“…Do you know what they call a grouping of dragons?” 

The remnants of a half-forgotten conversation floated around in time with the clicking of metal tracks underneath, bumping a gentle rhythm into the quiet whistling of wind. Yun blinked, her eyelids dragging heavily along the burning friction of early waking. She couldn’t remember what it was that had her dreaming so soundly, but she wanted desperately to return to it. She closed her eyes again only to find the cloying heat of summer sticking to her skin.

Giving up, she climbed down from the bed and sat by the window, letting the wind cool her face. Her hair, cut haphazardly below her ears, was clearly reflected in the window, and she noticed how much she’d have rather it have been left an inch or two longer and not hastily dyed black. Not like she had much of a choice in that regard. Outside, she could make out the lights of New Moon Port in the distance, breathing like fireflies against the darkness. A lantern rocked in time with the movements of the train, hanging off the end of a worn wooden staff. Yun snapped, a dim light flickered inside the lantern then spilled out, casting the cabin in shades of shifting orange. 

She pulled the journal out of her bag, flipping through its tattered pages once more. Though not more than a couple years since she last wrote in it, she couldn’t escape the feeling that its contents were written by someone else. Its entries were sparse enough as is, spaced strangely and consisting mostly of resupply lists or notes about restaurants, but even now she felt there was something missing here and there, in the edges of her perception. Still, it was the only record that remained of her journey, so she couldn’t help but fret over its pages.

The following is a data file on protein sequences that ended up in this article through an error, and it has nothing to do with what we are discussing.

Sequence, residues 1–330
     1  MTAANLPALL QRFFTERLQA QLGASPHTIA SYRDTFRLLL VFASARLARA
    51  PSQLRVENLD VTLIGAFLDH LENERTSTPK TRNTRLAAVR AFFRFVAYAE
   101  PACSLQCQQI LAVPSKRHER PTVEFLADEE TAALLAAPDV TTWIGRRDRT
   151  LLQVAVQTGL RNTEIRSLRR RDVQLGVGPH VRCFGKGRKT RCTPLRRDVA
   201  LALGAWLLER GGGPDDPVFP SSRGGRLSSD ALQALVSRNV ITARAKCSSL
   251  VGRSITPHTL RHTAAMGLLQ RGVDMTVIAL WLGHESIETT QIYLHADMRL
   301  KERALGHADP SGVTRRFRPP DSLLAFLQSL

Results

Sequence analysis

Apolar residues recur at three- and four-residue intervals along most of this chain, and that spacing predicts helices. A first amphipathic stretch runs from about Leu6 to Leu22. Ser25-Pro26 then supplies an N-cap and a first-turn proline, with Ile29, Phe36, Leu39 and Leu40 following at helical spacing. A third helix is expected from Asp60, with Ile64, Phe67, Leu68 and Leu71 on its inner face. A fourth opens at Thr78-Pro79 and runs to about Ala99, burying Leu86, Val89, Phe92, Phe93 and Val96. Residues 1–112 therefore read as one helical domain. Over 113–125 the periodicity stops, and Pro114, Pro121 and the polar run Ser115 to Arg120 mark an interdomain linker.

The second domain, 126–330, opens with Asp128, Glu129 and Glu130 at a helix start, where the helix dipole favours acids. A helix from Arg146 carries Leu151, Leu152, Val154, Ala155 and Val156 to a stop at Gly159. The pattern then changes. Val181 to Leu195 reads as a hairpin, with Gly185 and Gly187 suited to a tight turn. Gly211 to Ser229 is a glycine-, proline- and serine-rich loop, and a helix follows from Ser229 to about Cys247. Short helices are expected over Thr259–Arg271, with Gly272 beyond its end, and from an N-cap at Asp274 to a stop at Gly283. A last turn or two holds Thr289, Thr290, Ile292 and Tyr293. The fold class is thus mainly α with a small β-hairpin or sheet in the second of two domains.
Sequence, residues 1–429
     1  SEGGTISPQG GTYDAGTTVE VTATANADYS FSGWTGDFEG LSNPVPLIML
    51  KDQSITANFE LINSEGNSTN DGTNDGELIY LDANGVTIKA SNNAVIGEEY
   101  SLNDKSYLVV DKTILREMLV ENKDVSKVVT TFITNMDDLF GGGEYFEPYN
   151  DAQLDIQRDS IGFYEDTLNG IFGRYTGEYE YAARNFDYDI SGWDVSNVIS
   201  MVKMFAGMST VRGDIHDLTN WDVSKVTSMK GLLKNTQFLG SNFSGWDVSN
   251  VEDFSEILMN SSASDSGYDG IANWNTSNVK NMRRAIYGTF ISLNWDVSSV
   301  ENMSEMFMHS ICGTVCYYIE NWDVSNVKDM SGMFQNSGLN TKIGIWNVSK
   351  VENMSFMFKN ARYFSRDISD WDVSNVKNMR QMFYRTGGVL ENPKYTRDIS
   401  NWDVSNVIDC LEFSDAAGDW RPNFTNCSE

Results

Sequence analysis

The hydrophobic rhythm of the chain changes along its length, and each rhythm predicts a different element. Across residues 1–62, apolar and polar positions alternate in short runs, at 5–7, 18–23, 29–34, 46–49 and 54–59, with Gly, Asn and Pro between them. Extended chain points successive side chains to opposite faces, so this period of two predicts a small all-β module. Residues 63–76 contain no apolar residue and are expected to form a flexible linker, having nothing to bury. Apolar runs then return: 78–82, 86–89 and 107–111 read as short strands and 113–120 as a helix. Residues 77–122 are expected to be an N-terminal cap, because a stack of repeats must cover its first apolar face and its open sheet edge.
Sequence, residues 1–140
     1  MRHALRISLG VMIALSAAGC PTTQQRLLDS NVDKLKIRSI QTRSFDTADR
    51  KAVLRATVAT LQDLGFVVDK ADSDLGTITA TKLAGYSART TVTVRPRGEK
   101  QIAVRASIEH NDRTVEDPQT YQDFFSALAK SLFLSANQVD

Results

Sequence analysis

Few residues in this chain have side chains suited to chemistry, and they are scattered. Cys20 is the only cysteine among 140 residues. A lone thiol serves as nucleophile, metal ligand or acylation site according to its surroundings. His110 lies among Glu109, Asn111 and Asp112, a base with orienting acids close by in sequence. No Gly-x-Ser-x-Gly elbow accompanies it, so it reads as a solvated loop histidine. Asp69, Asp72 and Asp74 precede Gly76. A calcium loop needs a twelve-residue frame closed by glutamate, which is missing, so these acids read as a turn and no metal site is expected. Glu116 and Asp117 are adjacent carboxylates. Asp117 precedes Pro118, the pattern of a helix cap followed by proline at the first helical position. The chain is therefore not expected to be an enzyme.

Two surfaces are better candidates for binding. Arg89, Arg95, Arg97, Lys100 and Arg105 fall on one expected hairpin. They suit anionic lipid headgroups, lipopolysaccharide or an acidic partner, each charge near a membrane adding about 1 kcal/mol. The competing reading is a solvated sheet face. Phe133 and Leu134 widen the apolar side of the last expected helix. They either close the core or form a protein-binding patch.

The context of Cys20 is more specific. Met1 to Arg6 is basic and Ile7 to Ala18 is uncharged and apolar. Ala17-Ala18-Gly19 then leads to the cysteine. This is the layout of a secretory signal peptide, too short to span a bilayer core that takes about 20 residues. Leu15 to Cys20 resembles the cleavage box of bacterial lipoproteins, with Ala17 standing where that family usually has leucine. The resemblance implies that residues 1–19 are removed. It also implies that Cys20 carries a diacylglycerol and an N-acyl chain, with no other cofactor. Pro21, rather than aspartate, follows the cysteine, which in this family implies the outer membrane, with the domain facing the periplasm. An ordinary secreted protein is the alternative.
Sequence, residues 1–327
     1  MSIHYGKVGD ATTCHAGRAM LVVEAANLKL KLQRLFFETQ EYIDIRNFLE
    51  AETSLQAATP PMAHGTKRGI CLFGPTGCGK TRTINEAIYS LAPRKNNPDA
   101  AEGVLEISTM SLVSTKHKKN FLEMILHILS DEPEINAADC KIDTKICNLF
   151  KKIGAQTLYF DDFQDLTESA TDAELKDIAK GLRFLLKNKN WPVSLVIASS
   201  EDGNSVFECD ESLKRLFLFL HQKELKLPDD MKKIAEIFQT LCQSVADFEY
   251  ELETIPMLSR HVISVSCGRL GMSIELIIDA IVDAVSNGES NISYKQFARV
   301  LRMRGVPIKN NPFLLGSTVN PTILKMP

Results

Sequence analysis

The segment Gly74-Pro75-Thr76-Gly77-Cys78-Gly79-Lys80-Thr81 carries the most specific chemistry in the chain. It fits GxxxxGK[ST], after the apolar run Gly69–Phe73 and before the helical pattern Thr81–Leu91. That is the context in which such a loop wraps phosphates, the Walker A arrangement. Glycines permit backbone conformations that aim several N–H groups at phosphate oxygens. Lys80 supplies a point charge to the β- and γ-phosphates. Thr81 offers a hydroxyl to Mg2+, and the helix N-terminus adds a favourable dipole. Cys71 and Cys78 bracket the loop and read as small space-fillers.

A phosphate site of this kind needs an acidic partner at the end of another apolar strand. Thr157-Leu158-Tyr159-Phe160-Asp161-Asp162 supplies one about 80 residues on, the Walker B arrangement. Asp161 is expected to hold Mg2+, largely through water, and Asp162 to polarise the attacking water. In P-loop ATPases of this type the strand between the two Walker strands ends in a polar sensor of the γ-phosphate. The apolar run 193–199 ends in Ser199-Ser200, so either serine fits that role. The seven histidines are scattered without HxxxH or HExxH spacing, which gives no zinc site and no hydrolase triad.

More vexed than when she awoke, Yun sighed, shutting the book and replacing it in her bag. With a snap, the lantern went out once more, inviting faraway lights to reappear in her vision. Though there were certainly better places to get a view, the darkness of the water surrounding the tracks provided a stunning mirror of the spilling purples and pinks of the Star Sea above. For a moment, the rapid movement of the train over the reflected stars evoked the feeling of riding further and further into the infinite depths of the galaxy. 

Yun arrived two hours before sunrise, in the transient hour before the promise of dawn brings coffee stands and fishermen hustling past each other in the lamplit streets; the lanterns holding as steady as the nighttime sun. She came upon the last noodle shop hanging up its equipment and couldn’t help but stare longingly at the empty stockpots being thrown into the sink. Even if she hadn’t arrived just as it was closing, the dwindling pouch of coins in her pocket might not have stretched over dinner and an inn stay anyhow. 

There was certainly an urgency to her travels, one that would have been much easier to address had her coin purse not sprung a leak that left her trailing gold for hours. At the point she noticed, it was much too late to salvage any of the fallen gold and she decided to cut her losses then and there. It wasn’t ideal to have to pick up jobs between stops in order to continue on, but it reminded her fondly of the day to day living of adventuring. She sighed, setting to find an inn for the night, walking along the cascading streets, taking note of the streetlamps reflected in the inky-black water below.  

The smell of breakfast, or more precisely lunch, was enticing and Yun found herself unable to resist getting up only a couple hours after going to sleep. She draped herself in her traveling robes and walked down the solid wooden stairs, the warmth of the dining hall seeping into her bones. A melody of scents hung in the air accompanied by the sizzling of frying eggs. Charcoal grilled fish, the heavy aroma of garlic and onions being sauteed, and, most importantly, the smell of fresh bread being broken.